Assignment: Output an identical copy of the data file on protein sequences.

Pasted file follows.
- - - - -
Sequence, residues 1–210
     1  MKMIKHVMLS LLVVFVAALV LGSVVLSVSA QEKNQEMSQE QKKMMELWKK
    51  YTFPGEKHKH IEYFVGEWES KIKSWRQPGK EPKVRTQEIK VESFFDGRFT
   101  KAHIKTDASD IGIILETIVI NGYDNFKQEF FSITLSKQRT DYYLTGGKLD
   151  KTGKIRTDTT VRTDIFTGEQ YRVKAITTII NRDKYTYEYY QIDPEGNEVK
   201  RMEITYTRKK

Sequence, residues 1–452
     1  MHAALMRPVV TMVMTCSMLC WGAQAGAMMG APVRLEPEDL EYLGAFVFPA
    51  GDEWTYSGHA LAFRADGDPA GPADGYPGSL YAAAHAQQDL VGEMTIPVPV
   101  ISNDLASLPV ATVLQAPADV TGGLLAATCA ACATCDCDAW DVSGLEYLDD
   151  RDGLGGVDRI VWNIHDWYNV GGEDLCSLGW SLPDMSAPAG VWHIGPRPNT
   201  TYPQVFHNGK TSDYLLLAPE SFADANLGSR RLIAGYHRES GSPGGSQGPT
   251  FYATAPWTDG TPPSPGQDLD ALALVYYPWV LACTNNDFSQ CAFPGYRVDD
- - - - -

Sequence, residues 1–210
     1  MKMIKHVMLS LLVVFVAALV LGSVVLSVSA QEKNQEMSQE QKKMMELWKK
    51  YTFPGEKHKH IEYFVGEWES KIKSWRQPGK EPKVRTQEIK VESFFDGRFT
   101  KAHIKTDASD IGIILETIVI NGYDNFKQEF FSITLSKQRT DYYLTGGKLD
   151  KTGKIRTDTT VRTDIFTGEQ YRVKAITTII NRDKYTYEYY QIDPEGNEVK
   201  RMEITYTRKK

Sequence, residues 1–452
     1  MHAALMRPVV TMVMTCSMLC WGAQAGAMMG APVRLEPEDL EYLGAFVFPA
    51  GDEWTYSGHA LAFRADGDPA GPADGYPGSL YAAAHAQQDL VGEMTIPVPV
   101  ISNDLASLPV ATVLQAPADV TGGLLAATCA ACATCDCDAW DVSGLEYLDD
   151  RDGLGGVDRI VWNIHDWYNV GGEDLCSLGW SLPDMSAPAG VWHIGPRPNT
   201  TYPQVFHNGK TSDYLLLAPE SFADANLGSR RLIAGYHRES GSPGGSQGPT
   251  FYATAPWTDG TPPSPGQDLD ALALVYYPWV LACTNNDFSQ CAFPGYRVDD